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The modern spin reel angler is blessed. Never before has the spin reel fan had so many brilliant spin reels from which to choose.
Thanks to phenomenal competition between market savvy manufacturers, every price point presents a litany of options to satisfy every spin angler.
Today we’re going to identify a list of some of the best saltwater spin reels available across the key price points.
We’ll look at a list of 5 groups – absolute top shelf, best mid-price point, best in 200 dollars range, and best in the 100 dollars range.
We’ll list 4 great reels in each category, then do a focused review of one from each category.
All reels listed here are white-hot, either generally speaking or in their respective price point categories.
There are definitely deserving reels that don’t appear here. Including all of them would require pages and pages of text.
The one thing all of these reels have in common is that they’re a sure thing. Every reel listed performs as advertised and better. Any reel chosen from this list is sure to impress.
Before we hit the list, let’s have a brief look at what constitutes a saltwater designation.
Why is a Reel Designated a Saltwater Reel?
In short, a saltwater spin reel is a reel that is better placed to manage the rigors of a corrosive saltwater environment.
Modern reel construction materials such as graphite and lightweight alloys have made huge improvements to reel corrosion mitigation. So too have paints and chemical metal treatments.
The inclusion of seals has been a revelation. Many mid to high-end reels now have significant levels of sealing. A great example is Daiwa’s now-famous Magseal.
But there are several manufacturers with their own proprietary designs that are tackling water ingress.
Surface corrosion is one thing; however, the most destructive corrosion occurs internally as a result of water ingress, particularly saltwater.
Sealing keeps water out of critical corrodible moving parts, ensuring your reel has a much longer working life.
Few if any fishing reels can withstand constant exposure to saltwater without a considered maintenance routine.
Even the best sealed most protected reel on the market will need to be handled with care including washing, cleaning, and maintenance to ensure corrosion isn’t given a chance to take hold.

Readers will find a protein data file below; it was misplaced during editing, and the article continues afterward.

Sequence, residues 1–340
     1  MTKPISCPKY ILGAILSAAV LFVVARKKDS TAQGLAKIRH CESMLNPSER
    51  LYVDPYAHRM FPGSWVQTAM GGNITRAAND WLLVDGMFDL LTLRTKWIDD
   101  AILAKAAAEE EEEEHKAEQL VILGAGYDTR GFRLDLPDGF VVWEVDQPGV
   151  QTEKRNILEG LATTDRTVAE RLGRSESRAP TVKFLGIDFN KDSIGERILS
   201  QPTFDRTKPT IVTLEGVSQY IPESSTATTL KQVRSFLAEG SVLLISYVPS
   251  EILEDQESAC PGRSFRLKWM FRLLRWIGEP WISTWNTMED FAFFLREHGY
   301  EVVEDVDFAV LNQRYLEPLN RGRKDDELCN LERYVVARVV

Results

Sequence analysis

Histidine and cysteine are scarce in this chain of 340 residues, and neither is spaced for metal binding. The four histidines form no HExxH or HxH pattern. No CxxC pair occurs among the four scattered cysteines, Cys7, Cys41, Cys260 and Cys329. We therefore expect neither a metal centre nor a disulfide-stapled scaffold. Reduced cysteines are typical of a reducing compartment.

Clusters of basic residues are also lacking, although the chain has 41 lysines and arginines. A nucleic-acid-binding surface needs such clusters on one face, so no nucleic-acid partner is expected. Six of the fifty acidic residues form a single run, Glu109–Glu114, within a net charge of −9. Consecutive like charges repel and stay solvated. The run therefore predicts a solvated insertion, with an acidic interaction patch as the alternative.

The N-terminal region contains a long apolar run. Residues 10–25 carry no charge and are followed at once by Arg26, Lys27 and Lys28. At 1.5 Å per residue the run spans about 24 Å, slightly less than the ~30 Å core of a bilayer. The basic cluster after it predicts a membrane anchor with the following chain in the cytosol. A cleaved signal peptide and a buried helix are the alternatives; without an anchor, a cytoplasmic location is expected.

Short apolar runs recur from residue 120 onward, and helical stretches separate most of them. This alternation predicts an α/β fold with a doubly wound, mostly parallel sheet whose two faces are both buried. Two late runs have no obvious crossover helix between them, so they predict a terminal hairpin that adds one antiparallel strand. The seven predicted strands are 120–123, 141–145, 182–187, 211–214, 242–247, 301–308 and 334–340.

Since sealing and corrosion-resistant materials have taken hold in reel construction, the saltwater designation has become increasingly popular. I’m not a huge fan of its growing prominence.
The term can be misleading to the uninitiated. Any spin reel is going to be fine in saltwater so long as it is well cared for.
If your fishing budget does not cover the bells and whistles of sealing technologies and alloy construction, that does not mean you must stick to the fresh stuff for fear of condemning your modest unsealed steel-bodied reel.
I have several of my grandfather’s Mitchell spin reels. I’ve been fishing for over 40 years, and the reels were old when I got them as a kid.
There are zero sealing and fancy protections on a 1960’s Mitchell eggbeater. Today, they still work beautifully. Keeping a reel in tip-top condition is more about care than built-in corrosion protection.
Also Read: Best Inshore Spinning Reel
Even though considered care is the best protection for any reel used in the salty stuff, modern reel sealing is brilliant. As are alloy construction materials. Graphite is also cool, as it permits corrosion resistance features at a much lower price point.
Just be aware. Even if a spin reel doesn’t have a saltwater designation, it can still be deployed for saltwater applications.